Business - April 3, 2018

Airports want to read your face using Biometric facial recognition. Should you be happy about that?

Biometric facial recognition could soon replace the traditional way of processing passengers at dozens of airports around the U.S., with the potential of drastically cutting red tape at checkpoints.

Speaking at the IATA Aviation Day conference in New York John Wagner, deputy executive assistant commissioner for U.S. Customs and Border Protection, predicted that facial recognition technology, which has been tested in only a few airport checkpoints, will advance to the point where it “really has the potential to transform the whole airport experience.”

The Transportation Security Administration (TSA) and Los Angeles World Airports (LAWA) highlighted two security checkpoint technologies that are currently being piloted at Los Angeles International Airport’s (LAX) Tom Bradley International Terminal (TBIT).

These systems are designed to enhance security while easing the screening process for travelers.

Miami International Airport celebrated its newly renovated Concourse and Federal inspection facility for international travelers.

One of its main features also is the passport screening via facial recognition technology to verify travelers’ identities by matching them to the documents they present.

Wagner pointed out that the recent tests of Boston Logan Airport, in partnership with JetBlue, as well as the tests at Los Angeles and Miami, have led the agency to conclude that biometric facial recognition technology is not only highly accurate and secure, it’s also winning acceptance from the public.

The technology works like this: passengers entering the airport will have their image captured at kiosks, which can then be matched with the rest of the traveler’s details in their passenger name records. Once that picture is taken, it can be used to identify a passenger at every airport location where they need to show an ID.

This has the potential not only to speed up queues for international arrivals but also to reduce lines at the TSA ID check station and even at the boarding gate.

According to industry intelligence agency CAPA Centre for Aviation, the plan is in keeping with President Donald Trump’s wider aims to tighten border security measures. Though the technology existed before he took office Trump has expedited implementation, despite the technology’s so-called “teething problems.”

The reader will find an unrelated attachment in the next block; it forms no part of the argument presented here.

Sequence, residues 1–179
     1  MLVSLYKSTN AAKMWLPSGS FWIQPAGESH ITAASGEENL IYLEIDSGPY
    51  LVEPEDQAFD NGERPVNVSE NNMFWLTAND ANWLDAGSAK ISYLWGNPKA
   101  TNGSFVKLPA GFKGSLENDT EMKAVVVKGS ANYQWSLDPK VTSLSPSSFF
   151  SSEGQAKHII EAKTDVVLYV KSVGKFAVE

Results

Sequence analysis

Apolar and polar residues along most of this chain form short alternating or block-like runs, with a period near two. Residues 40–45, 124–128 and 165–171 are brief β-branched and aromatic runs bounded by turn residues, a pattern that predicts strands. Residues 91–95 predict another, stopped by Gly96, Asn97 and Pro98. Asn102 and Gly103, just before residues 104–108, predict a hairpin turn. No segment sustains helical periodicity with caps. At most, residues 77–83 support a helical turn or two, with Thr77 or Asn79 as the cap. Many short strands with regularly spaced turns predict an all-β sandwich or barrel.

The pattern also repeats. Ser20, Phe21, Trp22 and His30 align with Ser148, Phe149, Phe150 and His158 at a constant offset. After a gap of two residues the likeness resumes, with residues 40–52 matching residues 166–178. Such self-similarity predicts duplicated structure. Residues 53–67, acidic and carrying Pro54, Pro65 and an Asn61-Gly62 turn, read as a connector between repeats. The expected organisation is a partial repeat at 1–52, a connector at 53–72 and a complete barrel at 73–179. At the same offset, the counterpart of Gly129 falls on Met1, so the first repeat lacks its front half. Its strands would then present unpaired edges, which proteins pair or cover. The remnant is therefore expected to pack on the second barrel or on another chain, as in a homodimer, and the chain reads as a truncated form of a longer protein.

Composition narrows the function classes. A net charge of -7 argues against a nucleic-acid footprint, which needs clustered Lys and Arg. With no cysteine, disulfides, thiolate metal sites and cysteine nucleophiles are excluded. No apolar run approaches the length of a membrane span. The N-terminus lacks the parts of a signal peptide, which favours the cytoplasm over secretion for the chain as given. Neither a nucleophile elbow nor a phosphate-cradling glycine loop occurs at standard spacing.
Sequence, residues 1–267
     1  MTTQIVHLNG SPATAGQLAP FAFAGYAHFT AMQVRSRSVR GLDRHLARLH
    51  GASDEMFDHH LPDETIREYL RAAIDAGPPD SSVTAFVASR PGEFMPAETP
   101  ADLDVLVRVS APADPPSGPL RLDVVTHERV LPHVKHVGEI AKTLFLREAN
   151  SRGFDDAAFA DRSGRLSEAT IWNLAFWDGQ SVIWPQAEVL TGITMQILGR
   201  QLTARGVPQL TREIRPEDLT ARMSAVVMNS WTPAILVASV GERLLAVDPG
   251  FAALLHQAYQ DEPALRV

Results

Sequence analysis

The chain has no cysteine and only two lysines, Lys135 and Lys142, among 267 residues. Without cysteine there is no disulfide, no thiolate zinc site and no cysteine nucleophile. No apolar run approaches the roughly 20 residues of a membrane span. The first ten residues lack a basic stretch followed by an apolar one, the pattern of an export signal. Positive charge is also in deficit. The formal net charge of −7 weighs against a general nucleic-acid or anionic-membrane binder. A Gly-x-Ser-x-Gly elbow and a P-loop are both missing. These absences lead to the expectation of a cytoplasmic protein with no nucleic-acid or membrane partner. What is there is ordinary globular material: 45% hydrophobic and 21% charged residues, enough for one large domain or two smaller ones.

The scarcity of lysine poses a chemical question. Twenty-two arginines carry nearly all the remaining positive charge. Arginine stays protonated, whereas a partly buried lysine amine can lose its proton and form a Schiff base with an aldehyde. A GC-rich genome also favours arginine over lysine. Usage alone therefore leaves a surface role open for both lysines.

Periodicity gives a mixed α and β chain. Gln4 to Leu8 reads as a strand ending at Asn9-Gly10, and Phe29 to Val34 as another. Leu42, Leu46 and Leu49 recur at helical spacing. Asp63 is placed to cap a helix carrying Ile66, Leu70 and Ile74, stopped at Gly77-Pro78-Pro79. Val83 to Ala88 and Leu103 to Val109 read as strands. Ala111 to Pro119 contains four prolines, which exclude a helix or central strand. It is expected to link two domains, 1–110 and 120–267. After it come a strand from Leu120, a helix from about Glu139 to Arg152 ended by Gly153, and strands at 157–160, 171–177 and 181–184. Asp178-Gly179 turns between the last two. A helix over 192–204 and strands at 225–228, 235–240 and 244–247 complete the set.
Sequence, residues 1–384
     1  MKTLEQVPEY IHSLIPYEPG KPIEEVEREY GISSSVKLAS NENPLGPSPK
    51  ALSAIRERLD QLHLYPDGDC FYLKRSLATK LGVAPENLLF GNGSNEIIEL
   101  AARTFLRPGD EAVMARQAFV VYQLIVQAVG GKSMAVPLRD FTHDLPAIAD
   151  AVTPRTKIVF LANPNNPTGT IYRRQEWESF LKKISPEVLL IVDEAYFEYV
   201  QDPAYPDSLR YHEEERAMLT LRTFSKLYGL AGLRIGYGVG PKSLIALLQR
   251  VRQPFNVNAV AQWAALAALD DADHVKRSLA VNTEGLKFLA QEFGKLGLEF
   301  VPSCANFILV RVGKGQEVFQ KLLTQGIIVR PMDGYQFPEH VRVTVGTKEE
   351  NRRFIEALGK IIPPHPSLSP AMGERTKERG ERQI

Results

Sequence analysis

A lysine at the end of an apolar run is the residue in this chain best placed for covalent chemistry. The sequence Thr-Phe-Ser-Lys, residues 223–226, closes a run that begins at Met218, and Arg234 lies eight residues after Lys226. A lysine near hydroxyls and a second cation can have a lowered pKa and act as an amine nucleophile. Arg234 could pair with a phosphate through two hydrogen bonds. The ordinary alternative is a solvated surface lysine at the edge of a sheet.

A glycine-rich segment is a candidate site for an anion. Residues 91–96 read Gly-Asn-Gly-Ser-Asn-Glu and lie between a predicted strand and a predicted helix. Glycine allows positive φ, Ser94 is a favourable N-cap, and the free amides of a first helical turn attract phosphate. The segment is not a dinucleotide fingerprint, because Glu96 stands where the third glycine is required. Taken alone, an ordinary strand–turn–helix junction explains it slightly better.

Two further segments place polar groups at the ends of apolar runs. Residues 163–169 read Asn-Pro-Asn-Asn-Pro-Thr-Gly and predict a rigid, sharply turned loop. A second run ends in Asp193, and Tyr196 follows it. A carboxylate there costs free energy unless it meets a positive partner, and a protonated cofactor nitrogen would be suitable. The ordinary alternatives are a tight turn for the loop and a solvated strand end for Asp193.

The technology is also catching on elsewhere; in one ongoing test in Aruba, for example, facial IDs are already in place for KLM passengers flying to Amsterdam; at LAX Airport, Lufthansa recently tested the technology to give passengers the option of getting on the flight without showing a boarding pass, if they agreed to submit their biometric scans.

But there’s a huge caveat. Where the technology currently stands, face recognition doesn’t work the same for everyone.

The face recognition software is not so good at identifying ethnic minorities. Also, commonplace accessories or personal effects like hats, scarves, facial hair, long hair, heavy make-up or even low-resolution images and poor lighting mean the current technology may perform inaccurately.

Given those limitations, it’s not hard to imagine a whole host of ways that biometric security could make travel more seamless for one set of travelers and an even larger headache for others.

Whether it’s being asked to remove cultural dress such as head or face coverings, someone who’s undergone corrective or plastic surgery, or having an ID photo that’s not in CBP’s database, there are number of scenarios in which ethnic minority, non-American, or heavily ornamented travelers could find biometric boarding the opposite of seamless.

The CBP reports that the technology is 97.5% accurate, and has aspirations to roll it out at all US airports within four years.

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